USS JOHN F. KENNEDY, At Sea (NNS) -- The Navy is known for its numerous uniforms, which like the styles in Paris, change with the season. Ceremonial, functional or flame retardant, these uniforms often represent the wearer's task at hand. For members of USS John F. Kennedy (CV 67) At-Sea Fire Party (ASFP), the change in wardrobe makes more than a fashion statement, it makes a safety statement.
Kennedy's Fire Marshal, CWO2 John Shortall, recently gave his fire party members a new look: bright red coveralls. These coveralls, he said, provide the ASFP numerous benefits, including safety, comfort and a recognition which could save lives.
"Whenever there is a casualty, security members restrict access to the area," he explained. "The fire party needs to be easily identified so they can get through a secured area."
Until recently, the ASFP wore red hats to set themselves apart from Sailors who are not responding to a casualty. However, during flight operations these hats become a safety and potential foreign object damage (FOD) hazard.
Shortall said the Navy has authorized red coveralls for approximately 10 years. While this isn't a requirement for fire parties, he decided it was an item the ASFP deserved.
"A few months ago, I saw a photo in All Hands magazine of a fire party in red coveralls carrying an American flag with members of the Fire Department of New York," he said. "I decided then we were going to get the coveralls. It's not just practical; it's a pride thing. They wanted something to help them stand out."
The benefits of the coveralls are numerous, according to Damage Controlman 3rd class (SW) Matthew Overacker, one of 19 fire party members. While pride is a motivator for wearing the new coveralls, practicality is paramount.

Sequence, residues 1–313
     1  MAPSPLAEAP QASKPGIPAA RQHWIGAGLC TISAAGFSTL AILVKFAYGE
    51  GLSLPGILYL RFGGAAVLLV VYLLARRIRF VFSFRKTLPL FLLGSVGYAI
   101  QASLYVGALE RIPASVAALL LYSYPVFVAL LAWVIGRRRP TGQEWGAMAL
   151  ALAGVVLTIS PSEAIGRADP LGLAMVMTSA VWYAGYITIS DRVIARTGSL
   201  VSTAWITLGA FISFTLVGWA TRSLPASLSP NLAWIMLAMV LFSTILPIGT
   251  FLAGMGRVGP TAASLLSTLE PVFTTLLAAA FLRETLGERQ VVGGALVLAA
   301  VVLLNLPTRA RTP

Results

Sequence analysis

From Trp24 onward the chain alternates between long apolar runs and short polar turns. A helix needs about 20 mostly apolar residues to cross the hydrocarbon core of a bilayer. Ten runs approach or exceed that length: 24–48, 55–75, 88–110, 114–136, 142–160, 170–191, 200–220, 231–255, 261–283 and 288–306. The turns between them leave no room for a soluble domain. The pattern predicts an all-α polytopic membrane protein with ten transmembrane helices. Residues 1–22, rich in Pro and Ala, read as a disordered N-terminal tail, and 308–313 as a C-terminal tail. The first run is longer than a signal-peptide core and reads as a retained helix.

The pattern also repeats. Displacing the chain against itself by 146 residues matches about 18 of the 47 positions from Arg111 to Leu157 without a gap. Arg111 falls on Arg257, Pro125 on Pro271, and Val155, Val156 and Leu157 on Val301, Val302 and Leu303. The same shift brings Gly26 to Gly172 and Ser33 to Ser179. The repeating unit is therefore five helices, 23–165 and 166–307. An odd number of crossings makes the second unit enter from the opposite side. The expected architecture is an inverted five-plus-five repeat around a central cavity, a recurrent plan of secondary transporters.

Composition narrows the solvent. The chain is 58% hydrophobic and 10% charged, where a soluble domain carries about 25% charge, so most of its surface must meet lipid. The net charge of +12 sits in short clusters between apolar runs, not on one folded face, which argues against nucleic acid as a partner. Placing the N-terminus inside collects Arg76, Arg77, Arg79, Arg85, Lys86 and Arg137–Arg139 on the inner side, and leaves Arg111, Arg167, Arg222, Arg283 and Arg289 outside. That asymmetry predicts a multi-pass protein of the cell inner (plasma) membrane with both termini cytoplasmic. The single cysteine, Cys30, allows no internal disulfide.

"We stand out now," he explained. "Before, when the alarm sounded, we would be running through the passageway with blue coveralls. Now, when the bells ring, there are red coveralls, signifying the At-Sea Fire Party. When people see us coming, they get out of our way."
The safety benefits of wearing the new uniform are sizeable. Damage Controlman 2nd Class (SW/AW) John Restrepo sees the new addition to his wardrobe as a way of keeping himself, and the fire party members, safe.
"The blue coveralls aren't fire retardant," Restrepo said. "The red ones are made of the same type of material as our flash hoods. The material helps keep us safe."
Along with the material, there are other safety features included in the design of the coveralls: No belt loops, effortless to put on in an emergency and the legs fit easily over boots.
Overacker noted the comfort features as they apply to the different types of fires to which the fire party responds.
"For a class bravo fire, we wear a Fire Fighting Ensemble (FFE)," he said. "When fighting a class bravo fire, the red coveralls are more comfortable to wear, especially under the FFE. They keep us cooler better than the blue ones."
Overacker added the new coveralls assist with class alpha and class charlie fires as well. The fire party wears an Oxygen Breathing Apparatus (OBA) and rolls down their sleeves to get into battle dress for those particular emergencies. For this, the fire retardant material is a plus.
When the bells ring, signifying an emergency, crewmembers know to stand aside and let Kennedy's fire department go to work. With the red coveralls, the At-Sea Fire Party can easily be identified in a crowded passageway. For these brave Sailors, security holds open the door.
For more information on USS John F. Kennedy, go to www.navy.mil/homepages/cv67.